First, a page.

Tim Robbins is the ultimate heartless Hollywood exec in Altman's vicious satire The Player
Robert Altman had been working outside of the studios for well over two decades after negative experiences creating his critically acclaimed but hard-to-digest masterpieces (including McCabe and Mrs Miller and The Long Goodbye, the sort of films only Altman could make). His career had drifted during the 1980s, as his edgy, ‘disciplined ill-discipline’ approach (with overlapping sound and roving cameras) moved out of fashion. The Player was not only his payback expose on the studio system, with the exec a sociopath, but also his triumphant comeback to the frontline of film-making (he earned several awards, including a nomination for Best Director).
The Player is nominally a comedy, but in the way of Altman it also fits half a dozen other labels: from film noir to corporate satire. Above all it’s a maverick’s view of a system designed to produce product (Mill constantly speak of his films like this – he would love our modern age of “content”). The studio’s offices are lined with posters from classic Hollywood – but the studio produces the most crowd-pleasing cookie cutter movies you can imagine. It’s all about squeezing in all the ideal elements a film must have: “Suspense, laughter, violence. Hope, heart, nudity, sex. Happy endings. Mainly happy endings.” (In a neat subversive twist, these are of course all present in The Player – but then it’s to be expected when what we are seeing might actually be a film within a film).
Film pitches all have an air of desperation, every idea boiled down to simple, easily digestible slogans. It’s nearly always a combination of two other films – “Out of Africa meets Pretty Woman!” – or involves the biggest stars (“Julia” and “Bruce” were those two stars – and both actors hilariously spoof themselves in the film’s climactic sequence). Ahead of its time, the film even features a pitch (from a cameoing Buck Henry) for The Graduate 2, a nostalgia tinted exploitation of the IP with all the original cast, that basically sounds like the sort of thing they’d actually make today.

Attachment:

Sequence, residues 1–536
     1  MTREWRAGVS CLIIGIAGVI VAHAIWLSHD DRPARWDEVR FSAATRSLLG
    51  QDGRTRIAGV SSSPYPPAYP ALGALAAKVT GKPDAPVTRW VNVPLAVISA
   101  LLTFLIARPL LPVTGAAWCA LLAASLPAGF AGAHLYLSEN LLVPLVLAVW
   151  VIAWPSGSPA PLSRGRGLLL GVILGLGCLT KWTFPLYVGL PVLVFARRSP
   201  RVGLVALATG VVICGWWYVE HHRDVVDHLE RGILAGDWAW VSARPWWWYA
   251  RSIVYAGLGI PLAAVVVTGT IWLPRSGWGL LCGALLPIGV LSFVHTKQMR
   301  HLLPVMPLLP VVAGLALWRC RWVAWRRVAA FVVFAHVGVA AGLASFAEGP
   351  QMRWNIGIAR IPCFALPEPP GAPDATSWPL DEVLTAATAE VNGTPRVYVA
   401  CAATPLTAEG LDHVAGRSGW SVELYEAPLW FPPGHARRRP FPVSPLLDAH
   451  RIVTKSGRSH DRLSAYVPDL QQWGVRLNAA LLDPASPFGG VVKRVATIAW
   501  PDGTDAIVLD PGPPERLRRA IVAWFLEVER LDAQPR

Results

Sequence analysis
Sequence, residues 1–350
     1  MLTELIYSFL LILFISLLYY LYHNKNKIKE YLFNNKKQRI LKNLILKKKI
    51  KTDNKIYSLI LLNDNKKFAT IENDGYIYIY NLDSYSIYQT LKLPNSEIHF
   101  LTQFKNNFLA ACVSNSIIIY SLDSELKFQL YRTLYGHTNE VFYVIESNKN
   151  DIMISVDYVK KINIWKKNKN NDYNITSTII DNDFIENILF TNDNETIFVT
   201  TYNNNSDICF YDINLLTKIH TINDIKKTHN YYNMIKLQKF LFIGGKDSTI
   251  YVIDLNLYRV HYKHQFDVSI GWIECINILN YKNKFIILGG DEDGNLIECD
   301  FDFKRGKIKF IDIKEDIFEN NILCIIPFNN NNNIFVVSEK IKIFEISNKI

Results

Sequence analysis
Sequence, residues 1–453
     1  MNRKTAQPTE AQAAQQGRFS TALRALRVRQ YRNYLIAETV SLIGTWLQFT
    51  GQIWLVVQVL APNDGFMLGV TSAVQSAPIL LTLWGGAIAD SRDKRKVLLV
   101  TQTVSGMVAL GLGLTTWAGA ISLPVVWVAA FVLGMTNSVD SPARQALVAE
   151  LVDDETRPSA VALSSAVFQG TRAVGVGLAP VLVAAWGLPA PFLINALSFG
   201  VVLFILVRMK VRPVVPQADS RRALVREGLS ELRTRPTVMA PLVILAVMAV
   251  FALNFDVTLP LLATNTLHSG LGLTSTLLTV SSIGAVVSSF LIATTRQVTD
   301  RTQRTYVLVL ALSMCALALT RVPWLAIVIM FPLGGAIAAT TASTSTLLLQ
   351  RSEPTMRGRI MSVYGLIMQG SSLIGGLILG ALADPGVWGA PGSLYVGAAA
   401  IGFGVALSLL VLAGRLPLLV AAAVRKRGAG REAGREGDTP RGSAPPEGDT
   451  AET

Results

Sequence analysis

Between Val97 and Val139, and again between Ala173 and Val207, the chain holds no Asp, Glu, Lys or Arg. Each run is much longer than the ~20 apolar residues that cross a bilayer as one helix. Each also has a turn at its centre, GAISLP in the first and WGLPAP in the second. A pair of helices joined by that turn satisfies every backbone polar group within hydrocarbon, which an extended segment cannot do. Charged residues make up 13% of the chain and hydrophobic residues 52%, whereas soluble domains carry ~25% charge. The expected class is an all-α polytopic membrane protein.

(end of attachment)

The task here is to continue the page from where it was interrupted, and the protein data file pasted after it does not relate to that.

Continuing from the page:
There is no place for film-making as an art – any idea that can’t be compressed into 30 seconds is worthless. Mill’s knowledge of film is patchy at best, his attempt to make small talk about Bicycle Thieves boiling down to “Perhaps we should remake it?”. The film (possibly the film within a film within a film), Habeas Corpus, pitched by Richard E Grant’s pretentious writer (“No stars! No pat Hollywood endings!”) is only attractive because it has the wisp of Oscar about it (and Oscars mean Big Bucks). Even then, Mill plans to rework the whole film into exactly the sort of pat-Hollywood romantic thriller Grant’s character claims to hate (no character will support this decision more than Grant’s sellout writer). The only person who seems to actually watch films is Fred Ward’s studio head-of-security – and at least half of his references are met with blank incomprehension. When Griffin makes a speech donating the studio’s old films to a cultural library, his words about art and culture are incredibly hollow.
This vicious satire of the shallow culture of Hollywood – Larry Levy’s up and coming executive attends AA solely to network, not because he has a drink problem – is wrapped up in a beautiful noir framework, that’s brilliantly a few degrees off reality (for reasons that later become clear). Deluged by death threats from (he surmises) a disgruntled writer, Griffin meets the man he suspects – a pretentious holier-than-thou wannabe, played with chippy fury by Vincent D’Onofrio – who he beats to death in a neon-lit carpark, after a dig too far about Mill’s job security (as nothing threatens these guys more than the prospect of being drummed out of town).